Matrix delivery system

In a matrix or monolithic delivery system the drug is either molecular dissolved or dispersed inside a matrix. Compared to a reservoir system, a matrix system is not enveloped within a rate limiting membrane. As such the release rate of the drug from the matrix system is normally not constant and decreases in time.  In literature various types of matrix systems are described. In principle they can be categorized in:

  • Diffusion based designs (homogenous matrix, porous matrix)
  • Dissolution based designs
  • Erosion based designs (bulk erosion or surface erosion)
  • Combination of diffusion/dissolution based designs
 diffusion based matrix system  dissolution/surface erosion based matrix system

Diffusion based matrix system

In a diffusion based design the release of a drug is mainly influenced by the diffusion properties of the drug in the matrix. In contrast to a dissolution based matrix system, the matrix itself is inert and does not dissolve nor degrade in the dissolution medium. This means that the dimensions of the matrix do not change during release of the drug.

Fick’s laws of diffusion describe diffusion process of molecules in a matrix and were derived by Adolf Fick in 1855. For steady state conditions the diffusion process is described by Fick first law of diffusion which states that the drug in solution passing a unit area is proportional to the concentration difference over this unit area:

Fick first law

J=flux (kgm-2s-1)
dC/dx=concentration difference (kgm-4)
D=Diffusion constant (m2s-1)

For non-steady state diffusion Fick’s second law describes how diffusion causes the concentration to change with time:

Fick second law

In literature two types of matrix systems are generally mentioned in literature i.e. homogenous and porous matrix systems.

 Homogeneous matrix

A homogeneous matrix system the drug is either dissolved or dispersed in a homogeneous matrix, mostly a polymer. Once the matrix system is immersed in a dissolution medium the drug, present at the surface of the matrix, will dissolve in the dissolution medium. This will result in a concentration difference and drug will diffuse from the inner layers to the outer layers of the matrix. As a result a depletion zone will be formed at the boundary of the matrix which increases in time. Because the drug has to diffuse over a longer distance the release rate will also decrease in time.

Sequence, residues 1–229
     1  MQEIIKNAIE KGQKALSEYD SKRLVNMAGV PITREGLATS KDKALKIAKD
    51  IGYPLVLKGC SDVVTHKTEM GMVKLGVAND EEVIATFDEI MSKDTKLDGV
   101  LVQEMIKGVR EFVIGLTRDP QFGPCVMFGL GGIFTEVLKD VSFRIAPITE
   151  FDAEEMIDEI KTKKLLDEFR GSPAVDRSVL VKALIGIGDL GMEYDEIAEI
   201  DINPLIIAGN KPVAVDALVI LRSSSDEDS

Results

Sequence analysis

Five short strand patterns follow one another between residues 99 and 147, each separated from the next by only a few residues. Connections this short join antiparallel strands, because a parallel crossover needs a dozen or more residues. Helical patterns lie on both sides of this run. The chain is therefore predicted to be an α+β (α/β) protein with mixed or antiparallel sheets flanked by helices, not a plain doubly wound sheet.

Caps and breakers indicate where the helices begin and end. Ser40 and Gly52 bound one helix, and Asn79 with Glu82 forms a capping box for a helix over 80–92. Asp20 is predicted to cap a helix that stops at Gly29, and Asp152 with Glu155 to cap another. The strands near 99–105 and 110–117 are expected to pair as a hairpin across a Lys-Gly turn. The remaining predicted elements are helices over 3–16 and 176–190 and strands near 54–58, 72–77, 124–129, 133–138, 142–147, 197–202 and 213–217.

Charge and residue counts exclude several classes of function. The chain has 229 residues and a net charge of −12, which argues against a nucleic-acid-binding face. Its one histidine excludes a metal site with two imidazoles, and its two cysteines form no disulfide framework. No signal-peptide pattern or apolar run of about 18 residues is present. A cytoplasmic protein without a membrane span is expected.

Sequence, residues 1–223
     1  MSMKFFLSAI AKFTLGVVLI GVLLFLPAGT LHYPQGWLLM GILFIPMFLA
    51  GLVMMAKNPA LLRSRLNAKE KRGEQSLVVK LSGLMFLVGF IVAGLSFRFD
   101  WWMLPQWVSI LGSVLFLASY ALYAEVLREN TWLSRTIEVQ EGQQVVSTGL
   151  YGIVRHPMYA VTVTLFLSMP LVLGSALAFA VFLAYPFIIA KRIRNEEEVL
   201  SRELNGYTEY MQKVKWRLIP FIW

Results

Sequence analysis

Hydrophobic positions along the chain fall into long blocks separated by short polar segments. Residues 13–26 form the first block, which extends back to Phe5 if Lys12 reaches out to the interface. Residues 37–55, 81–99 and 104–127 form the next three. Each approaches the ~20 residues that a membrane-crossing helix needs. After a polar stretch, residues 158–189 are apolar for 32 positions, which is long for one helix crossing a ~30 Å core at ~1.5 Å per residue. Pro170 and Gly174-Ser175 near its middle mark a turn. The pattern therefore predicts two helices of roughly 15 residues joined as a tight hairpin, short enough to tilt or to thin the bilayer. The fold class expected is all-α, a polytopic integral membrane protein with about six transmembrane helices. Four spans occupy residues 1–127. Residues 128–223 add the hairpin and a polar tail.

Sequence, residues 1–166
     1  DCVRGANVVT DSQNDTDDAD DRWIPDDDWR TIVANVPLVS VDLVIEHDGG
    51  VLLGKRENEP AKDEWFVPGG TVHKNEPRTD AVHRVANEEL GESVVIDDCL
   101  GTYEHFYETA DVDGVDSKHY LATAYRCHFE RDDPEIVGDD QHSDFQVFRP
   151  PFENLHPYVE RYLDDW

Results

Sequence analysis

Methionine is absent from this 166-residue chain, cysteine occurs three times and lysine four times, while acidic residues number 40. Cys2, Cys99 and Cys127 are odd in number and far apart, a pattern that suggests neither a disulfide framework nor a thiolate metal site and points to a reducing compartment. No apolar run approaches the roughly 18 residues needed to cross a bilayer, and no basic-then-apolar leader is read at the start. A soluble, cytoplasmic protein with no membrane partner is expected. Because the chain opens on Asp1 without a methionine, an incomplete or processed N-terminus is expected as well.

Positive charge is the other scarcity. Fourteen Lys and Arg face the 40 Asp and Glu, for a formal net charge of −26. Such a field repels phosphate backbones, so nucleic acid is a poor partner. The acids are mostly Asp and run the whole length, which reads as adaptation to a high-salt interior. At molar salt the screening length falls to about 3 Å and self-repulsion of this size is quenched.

The release of a drug from a planar matrix system under sink conditions was described by Higuchi in 1961:

Higuchi 1 Higuchi 2

Where: Q = the amount of drug released (M) per surface area (A)
D = the diffusion coefficient of the drug
C0 = is the initial total drug concentration in the matrix
Cs = the solubility concentration of the drug in the matrix
t  =  time

This equation can be simplified to:  square root of time

It shows that the release rate is inverse proportional to the square root of time. If the release rate is plotted versus the square root of time a straight line is obtained.

Porous matrix system

A porous matrix system is a variation of a homogenous matrix system. In this case the drug is dissolved in a porous polymer. Once the matrix system is immersed in a dissolution medium the pores will be filled with dissolution medium and the drug will dissolve into the filled pores of the matrix. Besides the solubility and diffusion coefficient of the drug in the release medium also the shape and volume of the pores in the matrix are of importance. Under sink conditions the release rate can be described by:

Higuchi porous

τ = tortuosity
ϵ = porosity of the matrix

Here tortuosity is defined as the dimensions and branching of the pores in the matrix.

Power law equation